Note: This was originally written for the daily newsletter at the Columbia Journalism Review, where I am the chief digital writer
Over the past decade, Google and Facebook have built globe-spanning digital platforms that impact almost every facet of our digital lives, and increasingly our physical lives as well, and often in harmful ways. Apart from their use of “surveillance capitalism” on a massive scale, or their distribution of disinformation during the 2016 election, the algorithms Google uses at YouTube have been implicated in the radicalization of alt-right fanatics like QAnon, and Facebook’s private groups and WhatsApp messaging service have been cited by the United Nations as helping to perpetuate a genocide against the Rohingya people in Myanmar. And yet traditional antitrust legislation, or at least the way it’s been interpreted for the past couple of decades, makes it difficult to regulate these two giant platforms — as does Section 230 of the Communications Decency Act, which absolves them of liability for anything that is posted by their users, and gives them wide latitude to moderate content as they wish.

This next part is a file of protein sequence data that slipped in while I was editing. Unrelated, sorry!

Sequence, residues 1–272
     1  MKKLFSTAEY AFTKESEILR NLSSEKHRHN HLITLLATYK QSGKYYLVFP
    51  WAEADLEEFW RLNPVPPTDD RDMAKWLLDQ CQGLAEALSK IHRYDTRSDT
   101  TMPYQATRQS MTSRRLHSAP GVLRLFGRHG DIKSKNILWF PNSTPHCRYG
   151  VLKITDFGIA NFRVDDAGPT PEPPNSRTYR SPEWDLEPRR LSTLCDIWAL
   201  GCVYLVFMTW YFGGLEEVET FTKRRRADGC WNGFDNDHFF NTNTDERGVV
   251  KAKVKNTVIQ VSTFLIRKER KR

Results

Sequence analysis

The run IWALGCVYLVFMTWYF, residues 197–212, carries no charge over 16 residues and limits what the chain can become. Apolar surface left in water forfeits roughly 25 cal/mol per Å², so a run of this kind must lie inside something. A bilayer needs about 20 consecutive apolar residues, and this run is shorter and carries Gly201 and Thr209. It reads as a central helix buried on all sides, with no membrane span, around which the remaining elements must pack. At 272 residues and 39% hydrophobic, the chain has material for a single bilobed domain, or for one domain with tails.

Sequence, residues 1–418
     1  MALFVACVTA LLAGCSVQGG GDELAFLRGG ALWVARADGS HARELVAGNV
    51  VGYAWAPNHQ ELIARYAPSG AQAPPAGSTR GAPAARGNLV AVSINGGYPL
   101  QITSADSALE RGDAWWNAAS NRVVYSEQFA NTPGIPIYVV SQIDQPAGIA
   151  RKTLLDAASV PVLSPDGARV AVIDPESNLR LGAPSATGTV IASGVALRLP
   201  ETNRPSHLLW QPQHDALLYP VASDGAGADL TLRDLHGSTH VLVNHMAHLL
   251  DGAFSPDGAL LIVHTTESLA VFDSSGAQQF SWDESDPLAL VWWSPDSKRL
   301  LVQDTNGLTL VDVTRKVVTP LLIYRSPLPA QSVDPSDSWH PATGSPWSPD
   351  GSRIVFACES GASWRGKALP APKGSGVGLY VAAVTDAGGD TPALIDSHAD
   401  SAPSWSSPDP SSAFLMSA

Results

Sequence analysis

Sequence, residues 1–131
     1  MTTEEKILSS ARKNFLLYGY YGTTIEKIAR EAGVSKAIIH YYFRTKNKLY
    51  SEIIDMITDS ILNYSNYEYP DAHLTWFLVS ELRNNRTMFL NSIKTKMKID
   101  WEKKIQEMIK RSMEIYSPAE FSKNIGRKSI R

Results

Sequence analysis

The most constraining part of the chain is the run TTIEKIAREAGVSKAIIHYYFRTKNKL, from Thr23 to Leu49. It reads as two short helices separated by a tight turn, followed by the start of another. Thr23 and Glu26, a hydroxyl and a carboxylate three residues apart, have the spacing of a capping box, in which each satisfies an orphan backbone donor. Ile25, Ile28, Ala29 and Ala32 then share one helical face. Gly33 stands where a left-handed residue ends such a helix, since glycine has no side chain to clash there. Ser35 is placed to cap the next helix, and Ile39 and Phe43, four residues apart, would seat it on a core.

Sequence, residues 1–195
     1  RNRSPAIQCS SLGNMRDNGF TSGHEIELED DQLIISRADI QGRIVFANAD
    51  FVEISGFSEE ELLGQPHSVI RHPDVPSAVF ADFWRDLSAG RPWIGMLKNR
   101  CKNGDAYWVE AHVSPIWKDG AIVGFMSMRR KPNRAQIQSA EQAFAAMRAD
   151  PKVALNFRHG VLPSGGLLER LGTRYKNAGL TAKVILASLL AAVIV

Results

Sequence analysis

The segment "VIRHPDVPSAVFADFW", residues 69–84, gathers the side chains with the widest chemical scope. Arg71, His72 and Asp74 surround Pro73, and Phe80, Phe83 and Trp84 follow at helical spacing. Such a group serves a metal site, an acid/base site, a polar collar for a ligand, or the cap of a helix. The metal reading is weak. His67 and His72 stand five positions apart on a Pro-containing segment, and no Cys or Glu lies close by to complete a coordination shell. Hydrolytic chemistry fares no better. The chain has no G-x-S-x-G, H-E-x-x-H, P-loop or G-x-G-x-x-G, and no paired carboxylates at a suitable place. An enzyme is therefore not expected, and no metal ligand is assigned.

Is there another path we could take that might allow us to harness the benefits of these huge services, while also blunting their negative effects? Dipayan Ghosh thinks there is. He’s the director of the Digital Platforms and Democracy Project at Harvard’s Shorenstein Center, a former policy adviser to the Obama administration, and a former adviser at Facebook. He’s also the co-author of a recent paper with Joshua Simons, a fellow at the Edmond J. Safra Center for Ethics at Harvard and a former adviser to the UK Labour Party, as well as a former policy adviser at Facebook. Their paper is titled “Utilities for Democracy: Why and How the Algorithmic Infrastructure of Facebook and Google Must Be Regulated.” CJR used its Galley discussion platform to speak with both men about their proposals recently, and their belief that the algorithms used by both companies have become part of the infrastructure of our public sphere, and therefore Facebook and Google should be regulated as public utilities.Continue reading “Can we make Facebook and Google “democratic utilities?””